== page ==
Friday, March 12, 2010
I’ve inherited my dad’s looks and many of his characteristics. Just like him, I’m very easygoing until I’m cornered or dishonored.
The year was 1963. I was still living in Abadan, Iran, when a new family moved into a house across the street from us. All the neighborhood kids knew the man of the house was nothing but trouble because he was just plain mean.
For example, while playing soccer, if our ball accidentally went over the fence, and landed in his yard, he didn’t give it back to us. He’d cuss us out —something completely unheard of in our community—for having a good time, and laughing out loud, but we couldn’t do anything about it. Within that society, kids didn’t question an elder. This went on until the man had to face my easygoing dad.
Mr. Golcheen, our new neighbor, had a dog that was just as mean as her master. One day the dog got out of the gated front yard and bit one of my brothers. After he came home crying, my mom approached Mr. Golcheen and very politely said, “Sir, you shouldn’t let your dog get out of your front yard.” To which, he very sarcastically replied, “Madam, you shouldn’t let your boy get out of your front yard.”
The poor soul wasn’t aware that my dad, who’d just gotten home from work, was standing across the street listening to the whole conversation. Having his wife insulted, and demanding his honor restored, my dad charged the man. That was the only time I remember my dad that angry. Fortunately for the man, other neighbors stopped my dad and allowed Mr. Golcheen to cowardly duck into his house. A few weeks later he moved out of the neighborhood.
The year’s 2002. This is my daughter’s senior year at Birmingham High, and her best friend has talked her into working with her at this dive of a pizzeria in a shady part of the city we live in. I’m not very happy with my daughter working in such a place, but Megan’s excitement overrides her dad’s disagreement. After all, like my dad, I’m also an easygoing father, whom, as much as possible, never says, “No.”
After working there for a few months, one night Megan comes home crying. The owner of the place, who has a very foul mouth, had cussed her out in front of customers, and she doesn’t want to work there any more. Many Americans may be quite delighted to hear their daughter isn’t going to be working for a place they disapproved to begin with, but not with me. I was raised in a shame-based culture and taught to defend my family’s honor, which is very important to me.
I call my good friend, Dennis. He’s of Swedish decent, and is built like an eighteen-wheeler, burly and strong. I tell him what I’m about to do and ask him to go with me. He readily accepts my request. No sooner than I call, and tell him my game plan, he’s at my front door. We get in his truck, and head for the pizzeria.
I’ve met the restaurant owner before. He’s a scrawny-looking guy who was born in Lebanon but raised in America. As soon as I enter the place, he recognizes me and has a feeling of why I’m here. I ask him to meet us outside. We go out and I sit at a table with my back against the wall across from him. Dennis stands right behind him, just as we’ve planned.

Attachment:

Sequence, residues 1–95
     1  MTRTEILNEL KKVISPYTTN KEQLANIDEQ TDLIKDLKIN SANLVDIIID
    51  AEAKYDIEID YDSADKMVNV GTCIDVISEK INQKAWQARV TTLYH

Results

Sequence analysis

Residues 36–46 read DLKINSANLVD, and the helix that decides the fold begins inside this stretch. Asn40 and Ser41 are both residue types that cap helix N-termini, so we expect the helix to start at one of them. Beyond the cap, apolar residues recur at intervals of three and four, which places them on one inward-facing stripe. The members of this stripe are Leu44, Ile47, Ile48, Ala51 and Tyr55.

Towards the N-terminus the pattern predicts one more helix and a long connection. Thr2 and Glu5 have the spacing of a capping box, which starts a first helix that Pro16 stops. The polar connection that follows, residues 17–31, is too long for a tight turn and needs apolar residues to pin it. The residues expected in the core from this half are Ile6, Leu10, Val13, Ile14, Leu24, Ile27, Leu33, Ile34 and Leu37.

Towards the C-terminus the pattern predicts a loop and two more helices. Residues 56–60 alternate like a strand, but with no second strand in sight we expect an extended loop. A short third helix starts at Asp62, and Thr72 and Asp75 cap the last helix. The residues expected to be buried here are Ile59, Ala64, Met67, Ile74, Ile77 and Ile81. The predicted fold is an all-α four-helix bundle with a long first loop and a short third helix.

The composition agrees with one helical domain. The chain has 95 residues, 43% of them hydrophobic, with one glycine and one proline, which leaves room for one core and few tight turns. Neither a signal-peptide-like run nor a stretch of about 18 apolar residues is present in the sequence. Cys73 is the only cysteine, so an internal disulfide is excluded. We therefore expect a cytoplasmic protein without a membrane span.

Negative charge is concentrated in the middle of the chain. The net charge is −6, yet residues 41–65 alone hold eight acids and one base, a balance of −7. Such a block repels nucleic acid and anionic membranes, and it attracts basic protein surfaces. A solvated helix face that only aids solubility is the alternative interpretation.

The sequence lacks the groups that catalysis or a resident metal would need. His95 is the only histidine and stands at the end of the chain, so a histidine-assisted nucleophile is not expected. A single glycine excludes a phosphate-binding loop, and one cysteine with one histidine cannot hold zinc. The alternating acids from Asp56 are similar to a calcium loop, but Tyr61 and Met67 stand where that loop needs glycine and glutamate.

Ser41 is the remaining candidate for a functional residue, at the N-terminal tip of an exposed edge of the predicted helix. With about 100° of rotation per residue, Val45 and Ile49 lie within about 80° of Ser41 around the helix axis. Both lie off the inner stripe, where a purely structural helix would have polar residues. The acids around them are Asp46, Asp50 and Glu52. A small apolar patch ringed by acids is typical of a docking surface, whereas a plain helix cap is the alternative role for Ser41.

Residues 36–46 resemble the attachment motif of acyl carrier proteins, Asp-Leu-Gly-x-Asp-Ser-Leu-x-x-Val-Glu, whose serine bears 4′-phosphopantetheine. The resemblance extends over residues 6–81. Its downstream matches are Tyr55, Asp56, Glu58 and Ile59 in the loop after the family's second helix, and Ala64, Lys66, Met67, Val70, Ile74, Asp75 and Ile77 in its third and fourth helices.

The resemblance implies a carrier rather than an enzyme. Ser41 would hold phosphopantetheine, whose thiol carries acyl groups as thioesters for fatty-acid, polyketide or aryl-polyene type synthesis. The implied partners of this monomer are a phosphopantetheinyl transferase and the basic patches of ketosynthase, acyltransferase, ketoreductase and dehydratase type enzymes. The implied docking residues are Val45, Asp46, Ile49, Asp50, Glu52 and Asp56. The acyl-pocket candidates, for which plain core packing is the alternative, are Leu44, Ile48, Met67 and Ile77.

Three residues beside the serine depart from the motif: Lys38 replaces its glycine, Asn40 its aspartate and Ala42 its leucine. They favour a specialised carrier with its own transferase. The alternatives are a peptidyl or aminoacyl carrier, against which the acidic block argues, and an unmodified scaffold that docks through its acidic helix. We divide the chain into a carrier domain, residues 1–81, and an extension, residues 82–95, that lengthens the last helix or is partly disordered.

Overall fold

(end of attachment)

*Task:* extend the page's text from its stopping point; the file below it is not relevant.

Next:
“Are you going to beat me up?” he asks nervously, hoping I get his joke.
“Of course not!” I reply. I’ve no intention of beating anyone up. I just want to teach this spoiled brat a lesson and restore my daughter’s honor.
“You know what “Aaibe” is, correct?” I use the word for shame in Arabic.
“You know how important our honor is in that part of the world. You’ve brought ‘Aaibe’ on my family by dishonoring my daughter, and that needs to be rectified.”
“You’re correct, sir. I’m sorry for using bad language around your daughter.”
“You should never use bad language around my daughter period, but even more important, you will never direct it at her.”
“I’m very sorry. Please tell her if she comes back, I’ll never do it again.”
“That’s never going to happen. She’s not coming back to this place, EVER,” I smirk.
My family honor is restored, and I’m satisfied. But, even more important, Megan knows that her dad stood up for her, and that she can always depend on me to be her covering and protection.
As we’re walking away, I thank Dennis for going with me and he says,
“Thank you for bringing me along. I learned how my daughter should be treated.”
A few weeks later, I hear that our Lebanese friend is fined heavily for allowing an underage employee to sell liquor to an undercover police officer.
Recently, after posting my last 3-4 blogs, I got two interesting, yet opposite comments.
An anonymous follower gave me a great compliment, albeit, a left-handed one, saying:
“so ive read all of your blogs, never commented, a lot of the times because i felt you were just whiny. i really like the quality of your last 3 or 4 posts, and just thought i should give you a little bit of encouragement. keep going sir.”
The second comment from a friend said, “What happened? You’ve lost your fire.”
My friends were both right and wrong. I haven’t lost my fire, and, no, I wasn’t whiny. Originally, I started blogging after being unjustly fired from my job, which deeply dishonored me. I was cornered and shamed. My blogs were my way of trying to restore my honor. However, once the new leadership in charge of the old missions organization took me to lunch to apologize in person for what the old regime had done to me, I felt no reason to continue writing about the same issues. My honor was restored, and just like my dad, once again, I’m easygoing.
The above stick drawing and the note is from Megan. She sent it to me just the other day after I got her car fixed. By the way, she’s 24.